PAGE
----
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Was Stanley Milgram’s Study of Obedience Unethical

University/College: University of Arkansas System
Date: January 7, 2018
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Was Stanley Milgram’s Study of Obedience Unethical

One of the primary concerns a psychologist must address when preparing to carry out an experiment are the effects, both short and long term, of the experiment on the subjects. Some experiments positively affect the subjects and need not be debated, but those that have the possibility to create negative short or long-term effects in the subjects must be reviewed thoroughly. There are several general guidelines that have been set to determine whether an experiment is ethical.

A small degree of suffering by the subject can be tolerated If no better way can be found to obtain the important and beneficial Information desired In the experiment and If the subject’s suffering is quickly and fully alleviated after the experiment. When questioning whether Stanley Amalgam’s study of obedience is ethical, one must address these questions in the context of his experiment. The purpose of Amalgam’s study of obedience was to determine the degree to which a person will be obedient to an authority’s orders or requests If they do not agree with the requests being made.

This situation occurs in many aspects of society, including the military, employer/employee situations, and most disturbingly, Nazi Germany. For this reason, a general understanding of obedience is a worthy and important goal. The ethically of the study was brought into question when the subjects began to undergo severe emotional and sometimes physical distress during the experiment. The subjects were asked to deliver an Increasingly dangerous shock to a confederate who would, after a substantial ‘shock’ was given, protest to the treatment by the subject and display a painful response to increasing shocks.

Surprisingly, a large percentage of the subjects would administer the highest shock when told to do so by he researcher, even if they felt strongly that to do so would not be right. The emotional stress this situation put on the subjects caused many of them to break down, some to the extent that they would undergo violent convulsions or dig their fingernails Into their flesh. This level of suffering, as argued by Diana Banding, exceeded appropriate and ethical limits.

The subjects, she believe, not only underwent extensive pain and distress while participating in the experiment, but also experienced long term, negative psychological consequences due to the experiment. She reasons that the experiment had an Irreversible effect on a subject’s self Image and self esteem. Stanley Malaria first counters this attack by making it clear that these extreme results were completely unexpected by himself and many other professionals.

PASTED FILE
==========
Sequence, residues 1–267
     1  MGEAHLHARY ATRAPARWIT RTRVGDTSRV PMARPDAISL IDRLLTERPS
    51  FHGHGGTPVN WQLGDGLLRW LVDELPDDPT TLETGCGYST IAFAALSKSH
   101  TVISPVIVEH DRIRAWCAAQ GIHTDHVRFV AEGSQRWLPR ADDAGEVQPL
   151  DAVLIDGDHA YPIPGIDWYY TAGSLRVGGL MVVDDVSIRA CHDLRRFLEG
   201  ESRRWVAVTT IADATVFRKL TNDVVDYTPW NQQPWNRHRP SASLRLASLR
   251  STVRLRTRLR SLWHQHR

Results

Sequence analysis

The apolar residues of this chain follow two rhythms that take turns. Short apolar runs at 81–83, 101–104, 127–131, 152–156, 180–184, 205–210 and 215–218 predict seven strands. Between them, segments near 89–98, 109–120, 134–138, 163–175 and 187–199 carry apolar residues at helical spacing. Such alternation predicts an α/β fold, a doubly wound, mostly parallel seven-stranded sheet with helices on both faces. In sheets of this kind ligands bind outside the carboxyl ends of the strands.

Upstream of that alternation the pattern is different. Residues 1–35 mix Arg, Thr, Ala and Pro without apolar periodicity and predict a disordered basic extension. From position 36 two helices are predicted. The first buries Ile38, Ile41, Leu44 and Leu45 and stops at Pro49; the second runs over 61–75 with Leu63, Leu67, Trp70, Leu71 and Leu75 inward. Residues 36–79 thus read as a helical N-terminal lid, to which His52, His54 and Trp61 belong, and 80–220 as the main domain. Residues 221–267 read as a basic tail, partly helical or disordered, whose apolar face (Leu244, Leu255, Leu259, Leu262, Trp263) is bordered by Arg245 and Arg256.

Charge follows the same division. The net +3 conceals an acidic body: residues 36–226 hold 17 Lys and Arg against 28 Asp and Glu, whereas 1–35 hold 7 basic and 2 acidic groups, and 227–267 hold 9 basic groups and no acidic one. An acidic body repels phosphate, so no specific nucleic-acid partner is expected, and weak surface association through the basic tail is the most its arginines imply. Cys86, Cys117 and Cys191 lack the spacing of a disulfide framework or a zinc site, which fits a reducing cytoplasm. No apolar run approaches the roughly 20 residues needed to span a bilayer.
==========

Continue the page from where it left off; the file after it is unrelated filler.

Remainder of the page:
When the dangerous and potentially harmful effects became evident, though, Malaria decided to continue the experiment, but assures that many steps were taken to alleviate the subject’s suffering at the end of the experiment and to assure them that experiment and asked to fill out a questionnaire. According to Malaria, 74% of the subjects said that they had learned something of personal importance as a result of being a part of the experiment, and 84% were glad to have participated.

Because the strong negative side-effects of the experiment were not expected and the research was of great importance, I think that the experimental design did not show any breach of ethics. The ethical dilemma was in Amalgam’s decision to continue the experiment once these effects became known. As shown by his survey, most of the subjects did not seem to show any lasting negative psychological uniqueness or resentment due to the experiment, but this fact could not have been known until after the experiment.

The fact that some of the subjects did regret being involved with the experiment and most likely underwent some degree of emotional distress after the study shows that the study could and to some degree did cross over an ethical line. Malaria was lucky that a larger number of people did not undergo such lasting distress. The experimental design was not unethical, but Amalgam’s decision to continue the experiment despite a probable chance of long- term negative effects on the subjects was unethical.

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